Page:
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Integration clause

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In contract law, an integration clause, merger clause, (sometimes, particularly in the United Kingdom, referred to as an entire agreement clause) [1] is a clause in a written contract which declares that contract to be the complete and final agreement between the parties. It is often placed at or towards the end of the contract. Any pre-contractual material which the parties wish to be incorporated into the contract need to be assembled with it or explicitly referred to in the contractual documentation.


A contract that has such a clause may be deemed an integrated contract, and any previous negotiations in which the parties to the contract had considered different terms will be deemed superseded by the final writing.[2] Many modern cases, however, have found merger clauses to only a rebuttable presumption that the contract is integrated.[3]

In the United States, the existence of such a term is normally not conclusive proof that no varied or additional conditions exist with respect to the performance of the contract beyond those that are in the writing, but instead is simply evidence of that fact.

In Personnel Hygiene Services Ltd v Mitchell, an England and Wales Court of Appeal case where there were two distinct contractual relationships between the parties, a service agreement superseded by a compromise agreement, and a separate share purchase agreement, the court held that the entire agreement provisions in the compromise agreement annulled the service agreement but the share purchase agreement remained intact.[4]

Sample clause[edit]

The following language is an example of an integration clause:

This agreement (together with the documents referred to herein as from time to time amended) constitutes the entire agreement between the parties with respect to the matters dealt with herein and supersedes any previous agreement between the parties in relation to such matters. Save in respect of statements made fraudulently, the parties accept that they are to have no rights or liabilities in respect of pre-contractual statements.[5]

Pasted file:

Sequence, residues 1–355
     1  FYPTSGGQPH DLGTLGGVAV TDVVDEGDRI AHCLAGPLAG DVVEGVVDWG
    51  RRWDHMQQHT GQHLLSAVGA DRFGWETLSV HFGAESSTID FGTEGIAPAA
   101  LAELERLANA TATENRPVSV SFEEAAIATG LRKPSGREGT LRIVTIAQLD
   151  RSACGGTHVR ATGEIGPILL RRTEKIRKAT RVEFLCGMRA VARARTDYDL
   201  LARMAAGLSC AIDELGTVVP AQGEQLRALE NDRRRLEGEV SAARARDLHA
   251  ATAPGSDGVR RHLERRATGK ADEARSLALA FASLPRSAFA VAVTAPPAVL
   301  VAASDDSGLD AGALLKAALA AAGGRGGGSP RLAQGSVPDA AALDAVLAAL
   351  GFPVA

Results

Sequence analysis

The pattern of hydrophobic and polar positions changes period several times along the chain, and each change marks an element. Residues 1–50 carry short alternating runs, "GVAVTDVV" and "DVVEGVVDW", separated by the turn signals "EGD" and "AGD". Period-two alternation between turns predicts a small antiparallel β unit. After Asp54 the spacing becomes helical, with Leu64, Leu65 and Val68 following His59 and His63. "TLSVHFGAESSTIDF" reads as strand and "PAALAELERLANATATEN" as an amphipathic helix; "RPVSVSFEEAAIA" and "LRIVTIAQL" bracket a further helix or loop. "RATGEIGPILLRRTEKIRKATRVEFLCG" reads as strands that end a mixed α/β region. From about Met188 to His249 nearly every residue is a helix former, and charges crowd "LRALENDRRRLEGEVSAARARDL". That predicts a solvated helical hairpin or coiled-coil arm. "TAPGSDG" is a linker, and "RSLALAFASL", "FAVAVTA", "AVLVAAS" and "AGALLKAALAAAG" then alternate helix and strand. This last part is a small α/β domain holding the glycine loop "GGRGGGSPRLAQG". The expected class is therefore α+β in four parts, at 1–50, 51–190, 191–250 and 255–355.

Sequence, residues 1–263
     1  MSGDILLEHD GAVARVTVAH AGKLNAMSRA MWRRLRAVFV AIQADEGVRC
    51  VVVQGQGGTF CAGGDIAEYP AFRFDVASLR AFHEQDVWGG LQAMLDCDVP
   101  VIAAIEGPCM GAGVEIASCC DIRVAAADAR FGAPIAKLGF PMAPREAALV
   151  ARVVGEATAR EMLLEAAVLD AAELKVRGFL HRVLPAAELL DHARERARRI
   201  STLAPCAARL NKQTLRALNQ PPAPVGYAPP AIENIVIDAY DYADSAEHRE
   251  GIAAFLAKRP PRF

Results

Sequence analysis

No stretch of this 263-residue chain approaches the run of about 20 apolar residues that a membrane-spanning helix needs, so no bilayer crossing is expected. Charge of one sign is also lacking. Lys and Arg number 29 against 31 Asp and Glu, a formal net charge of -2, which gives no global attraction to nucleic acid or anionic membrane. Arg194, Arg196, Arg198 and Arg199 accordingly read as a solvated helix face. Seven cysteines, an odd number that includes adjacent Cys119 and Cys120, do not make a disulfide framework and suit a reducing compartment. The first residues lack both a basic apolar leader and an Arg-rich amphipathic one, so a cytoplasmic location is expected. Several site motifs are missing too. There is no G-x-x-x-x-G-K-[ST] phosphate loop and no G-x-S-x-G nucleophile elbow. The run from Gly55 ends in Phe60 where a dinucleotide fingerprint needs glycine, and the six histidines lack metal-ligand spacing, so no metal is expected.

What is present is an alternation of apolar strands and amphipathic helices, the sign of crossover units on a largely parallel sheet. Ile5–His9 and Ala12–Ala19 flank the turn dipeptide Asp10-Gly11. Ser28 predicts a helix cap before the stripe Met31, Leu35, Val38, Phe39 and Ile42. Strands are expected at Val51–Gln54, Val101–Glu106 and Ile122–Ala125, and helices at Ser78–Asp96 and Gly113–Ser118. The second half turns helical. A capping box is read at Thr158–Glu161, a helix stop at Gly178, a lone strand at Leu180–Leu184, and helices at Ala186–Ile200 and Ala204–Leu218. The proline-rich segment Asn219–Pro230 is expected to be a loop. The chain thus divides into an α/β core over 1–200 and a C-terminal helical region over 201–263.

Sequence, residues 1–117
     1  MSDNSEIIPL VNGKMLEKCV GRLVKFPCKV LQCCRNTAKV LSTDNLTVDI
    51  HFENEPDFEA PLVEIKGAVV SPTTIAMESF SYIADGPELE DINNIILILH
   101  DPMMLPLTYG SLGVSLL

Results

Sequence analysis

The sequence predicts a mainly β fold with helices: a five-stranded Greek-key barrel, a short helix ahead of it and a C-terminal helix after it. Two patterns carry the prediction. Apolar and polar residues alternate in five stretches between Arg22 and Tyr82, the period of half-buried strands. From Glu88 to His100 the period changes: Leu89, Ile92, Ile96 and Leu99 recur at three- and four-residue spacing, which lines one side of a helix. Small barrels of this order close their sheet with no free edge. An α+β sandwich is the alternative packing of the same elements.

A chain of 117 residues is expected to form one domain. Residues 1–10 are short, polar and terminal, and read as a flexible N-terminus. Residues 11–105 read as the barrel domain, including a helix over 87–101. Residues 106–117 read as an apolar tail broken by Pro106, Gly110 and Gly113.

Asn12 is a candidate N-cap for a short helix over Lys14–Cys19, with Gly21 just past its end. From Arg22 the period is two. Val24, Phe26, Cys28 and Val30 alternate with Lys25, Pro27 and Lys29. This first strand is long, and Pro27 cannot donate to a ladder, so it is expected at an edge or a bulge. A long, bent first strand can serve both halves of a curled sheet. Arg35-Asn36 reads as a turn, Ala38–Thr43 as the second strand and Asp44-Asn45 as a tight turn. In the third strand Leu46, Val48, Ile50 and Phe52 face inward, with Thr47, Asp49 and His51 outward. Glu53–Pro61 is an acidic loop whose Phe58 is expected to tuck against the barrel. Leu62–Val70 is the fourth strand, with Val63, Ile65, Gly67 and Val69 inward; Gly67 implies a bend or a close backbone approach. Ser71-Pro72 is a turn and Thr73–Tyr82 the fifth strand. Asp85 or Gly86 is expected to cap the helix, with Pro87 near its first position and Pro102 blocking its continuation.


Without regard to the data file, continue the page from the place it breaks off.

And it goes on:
Collateral contracts[edit]

Parties in dispute may wish to argue that a previous understanding or implied agreement, made before a contract with an entire agreement was signed, should also be separately enforced as a collateral contract. Christopher Nugee QC, now a Lord Justice of Appeal, has ruled that the existence of an entire agreement clause within the main contract creates an "obvious difficulty" for a party who wishes to rely on such a separate agreement.[5]

See also[edit]


  1. ^ Wright Hassall, Entire agreement clauses, published 20 June 2011, accessed 28 February 2021
  2. ^ Calarmari, John D.; Perillo, Joseph M. (1966). "A Plea for a Uniform Parol Evidence Rule and Principles of Contract Interpretation". Indiana Law Review. 42: 333.
  3. ^ Bagenstos, Samuel R. (2007). "Abolish the Integration Presumption - Not Yet". University of Pennsylvania Law Review. 156: 157.
  4. ^ England and Wales Court of Appeal (Civil Division), Personnel Hygiene Services Ltd v Mitchell, EWCA Civ 1047, published 14 July 2009, accessed 18 March 2021
  5. ^ a b England and Wales High Court (Chancery Division), Sere Holdings Ltd. v Volkswagen Group United Kingdom Ltd . EWHC 1551 (Ch), published 5 July 2004, accessed 28 February 2021